Art after the Internet
How does the rampant technological progress and our daily contact with media shape the experience of identity and social interaction?
The exhibition attempts to answer this question from the perspective of the generation of artists born in the 1980s and 1990s, who entered the artistic scene amid the dynamic expansion of the Internet and mass digital culture, in a space full of seemingly limitless possibilities and characterised by an excess of images and information.
For the young generation, the web is not a space beyond material reality, but rather an integral element of the everyday, which encourages increasingly bold design of one’s own identity and its management. While the Internet and mass access to new technologies have reshaped the intimacy of one-to-one feedback, they also provoke expressive individualism and „curating” aspirations of our virtual existence. What matters is affect and presence. And yet, the architecture of the web, in which we vehemently like, hate, recommend, blog, and create ratings, does not favour getting to know the Other, but limits us to a compulsive urge of self-documentation and an optimistic affirmation of the „friends of our friends”.
It is also a landscape of ever-blurring borders between production and consumption, the public and private domains, original and copy, the intimate and the transparent. The irresistible need to express oneself, one’s opinions, and the “authenticity” of the message have had an irrevocable impact on our experience of ties and relations with another human being. Everything is changing: the record and distribution of our own selves, the manner of representation and the potential of identification. The unprecedented freedom of communication and expression generate the possibility of daily performance of gender, race, social roles and hierarchies.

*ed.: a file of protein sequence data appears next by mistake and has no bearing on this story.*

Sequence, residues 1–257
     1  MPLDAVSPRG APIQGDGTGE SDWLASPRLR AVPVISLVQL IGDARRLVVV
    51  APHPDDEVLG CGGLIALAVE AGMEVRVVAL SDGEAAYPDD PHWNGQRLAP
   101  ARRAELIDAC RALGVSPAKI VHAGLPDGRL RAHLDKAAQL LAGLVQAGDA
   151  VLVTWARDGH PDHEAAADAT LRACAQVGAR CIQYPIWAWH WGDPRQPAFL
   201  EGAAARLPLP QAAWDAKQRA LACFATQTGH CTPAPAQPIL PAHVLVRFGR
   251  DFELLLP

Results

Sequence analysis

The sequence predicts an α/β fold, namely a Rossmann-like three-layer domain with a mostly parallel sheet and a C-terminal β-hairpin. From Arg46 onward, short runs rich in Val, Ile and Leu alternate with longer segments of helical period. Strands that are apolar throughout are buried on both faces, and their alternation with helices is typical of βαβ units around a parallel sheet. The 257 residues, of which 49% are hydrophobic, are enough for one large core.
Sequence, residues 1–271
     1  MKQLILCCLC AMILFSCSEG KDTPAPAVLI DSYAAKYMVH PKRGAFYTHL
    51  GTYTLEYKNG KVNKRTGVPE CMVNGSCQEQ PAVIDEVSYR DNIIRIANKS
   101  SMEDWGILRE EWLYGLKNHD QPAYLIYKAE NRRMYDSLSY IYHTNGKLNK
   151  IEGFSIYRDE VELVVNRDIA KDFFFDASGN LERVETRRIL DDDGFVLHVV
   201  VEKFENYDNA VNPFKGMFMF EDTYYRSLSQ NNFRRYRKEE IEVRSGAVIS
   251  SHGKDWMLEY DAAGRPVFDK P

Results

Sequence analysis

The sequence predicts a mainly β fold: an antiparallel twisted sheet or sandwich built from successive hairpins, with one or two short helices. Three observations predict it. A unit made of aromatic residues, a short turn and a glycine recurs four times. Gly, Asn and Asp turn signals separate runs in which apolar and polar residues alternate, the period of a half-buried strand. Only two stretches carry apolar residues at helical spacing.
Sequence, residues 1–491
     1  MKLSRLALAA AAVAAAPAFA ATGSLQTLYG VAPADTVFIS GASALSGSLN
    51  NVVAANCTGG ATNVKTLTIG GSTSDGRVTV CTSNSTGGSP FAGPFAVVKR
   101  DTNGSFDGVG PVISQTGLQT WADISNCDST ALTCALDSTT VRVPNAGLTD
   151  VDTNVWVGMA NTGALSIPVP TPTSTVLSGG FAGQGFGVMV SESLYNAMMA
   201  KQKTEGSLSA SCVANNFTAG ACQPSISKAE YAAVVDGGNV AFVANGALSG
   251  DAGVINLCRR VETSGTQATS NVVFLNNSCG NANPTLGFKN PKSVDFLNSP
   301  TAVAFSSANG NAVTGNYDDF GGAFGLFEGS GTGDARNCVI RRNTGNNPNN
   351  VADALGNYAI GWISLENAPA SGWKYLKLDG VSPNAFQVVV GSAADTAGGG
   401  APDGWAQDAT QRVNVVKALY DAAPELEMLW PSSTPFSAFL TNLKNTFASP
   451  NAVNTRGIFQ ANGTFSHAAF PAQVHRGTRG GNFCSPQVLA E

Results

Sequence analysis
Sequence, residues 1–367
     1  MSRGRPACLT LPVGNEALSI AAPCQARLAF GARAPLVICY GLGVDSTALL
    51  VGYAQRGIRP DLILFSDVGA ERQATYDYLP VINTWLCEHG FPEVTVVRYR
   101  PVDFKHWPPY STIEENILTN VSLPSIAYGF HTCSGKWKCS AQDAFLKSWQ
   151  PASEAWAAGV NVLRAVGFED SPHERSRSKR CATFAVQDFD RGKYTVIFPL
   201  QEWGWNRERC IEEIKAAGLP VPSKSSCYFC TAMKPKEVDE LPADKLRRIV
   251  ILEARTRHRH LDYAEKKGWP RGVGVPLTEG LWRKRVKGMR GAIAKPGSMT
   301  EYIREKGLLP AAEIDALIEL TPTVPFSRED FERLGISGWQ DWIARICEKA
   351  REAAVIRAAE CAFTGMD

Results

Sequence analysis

The exhibition is an answer to this striking metamorphosis of the social consciousness, highlighting it as an element which has fundamentally revalued the question of freedom, privacy and anonymity of each and everyone of us. Young artists engage actively in these changes and shape a new language and aesthetic categories. They ask questions about the condition of the individual and the essence of visual representation: the way we perceive and express ourselves through images in the era of aggressive self-promotion and economy of attention. In a way, it can be seen a reaction to today’s imperative of creative participation in public life, symbolised by the figure of a prosumer – at once a spectator and an amateur creator of culture. Along these lines, the logic of late capitalism favours not only solid hardware but, more importantly, inventive software with its promise of personal fullfilment and successful conveying of one's own personality and brand.
“Private Settings“ is also an attempt to shed a new light on the language of contemporary visual culture – from idealised stock photographs and homogenous corporate conventions, to the chill of the digital abyss and the aesthetics of amateur Internet practice, which questions the cult of the professional artist and traditional ways in which art functions in the society.
The exhibition is accompanied by an abundant programme of collateral events – from film screenings and meetings with artists, to performances by Korakrit Arunonandchai, Jesse Darling and DIS and the Internet projects by Czosnek Studio group and the artist Yuri Pattison.
Sarah Abu Abdallah and Joey L. DeFrancesco, Korakrit Arunanondchai, Ed Atkins, Trisha Baga and Jessie Stead, Darja Bajagic, Nicolas Ceccaldi, Jennifer Chan, CUSS Group, Czosnek Studio, Jesse Darling, DIS, Harm van den Dorpel, Loretta Fahrenholz, Daniel Keller, Ada Karczmarczyk, Jason Loebs, Piotr Łakomy, Metahaven, Takeshi Murata, Yuri Pattison, Hannah Perry, Jon Rafman, Bunny Rogers, Pamela Rosenkranz, Gregor Różański, Ryan Trecartin, Ned Vena
Assistant of production
Installation and technicians